Search results for "alus"

kalus v Scratch with claws. [This kind of scratching produces wounds in contrast to kutkut or pangutkut which would be used to scratch something that itches.] see: kutkut 1.

kalusisi n 1Small red-breasted parrot resembling a “love bird” [This is a small, green parrot similar to a “love bird”. Both have red cheeks. The female has a red head and beak. The male, referred to as the datù, has a green top notch, a red breast and red feathers on his back.] see fr.: uranda 2. 2A girlfriend, or boyfriend [DB says they have not yet decided to get married but they like each other So the term "boyfriend" or "girlfriend" would apply. However However, they would be embarrassed if someone referred to their relationship in such terms. X]

salusug see fr.: toì 3.

alap v 1To bring something to a destination. Alap ka rò to sabun no mohomut. Just bring the fragrant soap. see fr.: ganuy 1; see fr.: baniwal 4. 1.1To take something somewhere. Ko du-on "jeep" no nasirà no awos no og-alapon diò to "shop" oyow ogdoyroyawon, songo igpaganuy rod to dangob no jeep. If there is a jeep which is broken down which need sto be taken to the shop to be repaired, it is also pulled by another jeep. spec: sakopu, utuk 1, baba, pangkul, ti-ang 1, bitbit 1, soy-ung, layap; see: hatod 2. 2To move or propel as fins move a fish through water. Ka alongaping, ian ka ogbo-ot to og-alap to lawa to sikan no ngalap. The fin by the fish's ear, that is what determines the movement (lit. carrying) of the body of that fish. 3To be carried away, as by water. Ko ogsamba, du-on baloy no ogka-alap. When [the river] floods, there are house(s) which are carried away. spec: alus 1; see fr.: anlas 3. 4To have someone to take something somewhere; send. 5(Fig) To be under someone's authority. Ko du-on diò to songo barrio on ka ogka-alap, inat to mgo sakup din tibò. If there are those in a some village who are under [someone's] authority (lit. carried by someone), it seems that they are all his subjects. 5.1(Fig) To carry a responsibility or hold authority. Si Joaquin pad ka naka-alap to katondanan to kapitanto Baranggay Gupitan. Joaquin is still the one who has held the position (lit. authority) of captain of Baranggay Gupitan. 5.1.1To be under someone's authority Ko du-on diò to songo barrio on ka ogka-alap, inat to mgo sakup din tibò. If there are those in a some village who are under [someone's] authority (lit. carried by someone), it seems that they are all his subjects. 6For something to be brought to someone. 6.1To be transmitted to, as an illness. Ko og-uma ka dalu no tiklas diò to songo ugpa-an, ko du-on ogpanumbaloy no ogligkat to sikan no ugpa-an, ogka-alapan ki to dalu. If an illness comes to some place, [and] if someone visits from that place, the illness will be transmitted (lit. inadvertantly carried) to us. see: halin 2.1. 6.2To be used in a certain way, as a word. Ian dò ogka-alapan no kinagian ko du-on duma ta no oghinggat to ogparigus no ogkagian ku to, “Alap ka rò to sabun no mohomut.” The only way the word is used (lit. the only [meaning] carried by the word) is if we have a companion whom [we] invite to go bathing with us and I say, "Just bring the fragrant soap".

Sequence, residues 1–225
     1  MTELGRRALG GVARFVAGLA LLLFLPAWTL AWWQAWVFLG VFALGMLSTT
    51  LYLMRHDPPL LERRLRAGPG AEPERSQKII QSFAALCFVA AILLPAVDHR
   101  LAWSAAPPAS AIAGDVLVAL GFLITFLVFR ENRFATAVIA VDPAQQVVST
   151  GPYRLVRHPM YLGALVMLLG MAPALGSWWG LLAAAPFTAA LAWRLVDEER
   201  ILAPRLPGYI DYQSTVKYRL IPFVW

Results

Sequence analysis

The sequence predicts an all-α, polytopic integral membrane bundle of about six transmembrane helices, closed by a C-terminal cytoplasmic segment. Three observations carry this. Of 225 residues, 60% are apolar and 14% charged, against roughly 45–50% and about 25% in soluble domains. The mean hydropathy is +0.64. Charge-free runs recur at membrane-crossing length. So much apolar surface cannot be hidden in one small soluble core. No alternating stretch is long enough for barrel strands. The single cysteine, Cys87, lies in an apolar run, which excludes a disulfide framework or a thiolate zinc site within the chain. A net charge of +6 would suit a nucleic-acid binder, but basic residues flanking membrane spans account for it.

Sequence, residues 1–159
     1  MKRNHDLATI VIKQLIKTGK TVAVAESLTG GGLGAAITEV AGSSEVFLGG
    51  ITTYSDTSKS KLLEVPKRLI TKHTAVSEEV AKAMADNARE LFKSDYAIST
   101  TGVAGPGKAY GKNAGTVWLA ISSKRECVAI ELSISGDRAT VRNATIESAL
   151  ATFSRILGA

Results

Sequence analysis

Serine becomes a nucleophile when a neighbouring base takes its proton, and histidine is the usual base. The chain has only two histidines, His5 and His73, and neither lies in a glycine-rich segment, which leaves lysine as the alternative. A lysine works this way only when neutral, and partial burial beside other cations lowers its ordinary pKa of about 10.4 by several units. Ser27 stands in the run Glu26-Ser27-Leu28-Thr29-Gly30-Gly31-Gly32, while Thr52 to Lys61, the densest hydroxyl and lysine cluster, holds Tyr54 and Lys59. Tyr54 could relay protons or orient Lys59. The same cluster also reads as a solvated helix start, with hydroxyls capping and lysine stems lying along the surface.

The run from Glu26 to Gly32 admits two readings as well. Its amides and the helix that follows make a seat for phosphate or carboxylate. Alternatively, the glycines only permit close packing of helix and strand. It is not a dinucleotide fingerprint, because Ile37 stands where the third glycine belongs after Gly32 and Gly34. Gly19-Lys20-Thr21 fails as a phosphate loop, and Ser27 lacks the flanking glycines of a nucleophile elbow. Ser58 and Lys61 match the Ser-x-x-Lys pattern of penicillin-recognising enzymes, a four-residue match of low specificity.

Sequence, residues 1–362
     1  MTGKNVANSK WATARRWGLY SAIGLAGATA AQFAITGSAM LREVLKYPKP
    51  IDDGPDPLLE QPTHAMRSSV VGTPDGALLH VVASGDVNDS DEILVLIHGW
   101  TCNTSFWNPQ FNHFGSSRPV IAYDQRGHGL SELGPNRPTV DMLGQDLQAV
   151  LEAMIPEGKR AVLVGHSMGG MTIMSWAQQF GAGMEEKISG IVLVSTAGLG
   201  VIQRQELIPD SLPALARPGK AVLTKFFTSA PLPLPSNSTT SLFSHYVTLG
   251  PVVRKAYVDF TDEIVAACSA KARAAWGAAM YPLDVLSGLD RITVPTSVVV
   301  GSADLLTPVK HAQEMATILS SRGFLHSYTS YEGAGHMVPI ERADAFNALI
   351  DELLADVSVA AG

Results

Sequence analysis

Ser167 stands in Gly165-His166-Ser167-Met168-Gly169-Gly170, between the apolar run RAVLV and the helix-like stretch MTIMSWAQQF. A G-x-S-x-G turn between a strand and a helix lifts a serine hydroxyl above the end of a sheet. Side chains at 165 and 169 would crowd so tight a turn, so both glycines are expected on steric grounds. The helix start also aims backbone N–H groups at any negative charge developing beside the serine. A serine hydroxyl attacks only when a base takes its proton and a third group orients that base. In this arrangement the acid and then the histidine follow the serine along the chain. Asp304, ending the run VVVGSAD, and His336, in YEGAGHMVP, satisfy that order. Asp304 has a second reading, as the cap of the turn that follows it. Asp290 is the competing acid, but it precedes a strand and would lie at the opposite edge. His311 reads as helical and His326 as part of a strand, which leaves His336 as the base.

kutkut v 1To scratch with claws, as the ground. [DB says pangalkal applies particularly of chickens scratching in lagut leaves, etc. Whereas kutkut applies more of scratching/digging in dirt. (Is this different from “digging” below? DB gives an example of a chicken is digging up seeds with its claws.)] see fr.: kalus; see fr.: kalkal; see fr.: kali 1; see: kalkal, pangalkal. 2dig (as a dog or other animal) 2.1To dig with claws or one's hands. Ogkukutkut ka asu su og-abalangon din ka ambow diò to lungag to tanò. The dog is digging because he is relentlessly pursuing a rat there in a hole in the ground. 3Scratch (as something that itches.)

toì 1n Stitch, as a doctor’s stich. Hon-om ka toì dii to momol ku. Kara toì nigbalintus. There are six stitches in my gums. Each one was knotted. [A doctor's stitch is a toì because each stitch was nigbalintus knotted. Each one has a buku knot.] spec: salugsug 4. 2v To sew. 3see: salusug. 4Native pants or shirt sewn out of torn material. 5Blanket stitch. Konò ogkatibug no ogtoi-on ta. What we sew won’t run out well.

uranda 1n A love song style. [Sung by either a man or a woman] see fr.: kanta 2; ant: kumapoy 2. 2n A suitor, fiancee, male; or a woman whom someone will marry. [A person who just newly meets a person of the opposite sex and likes him or her, they say it is alig pad to mata j“ust an attaction of the eyes” and the person is not really an uranda. If the relationship is serious, then they have become nokog-uranda on, nokogsabut. “They will already have become fiancee; [they have] an agreement with each other.” [regarding marriage].] see: kumapoy 1; see: kalusisi 1. 3v To sing a love song [This style is sung by either a man or a woman.]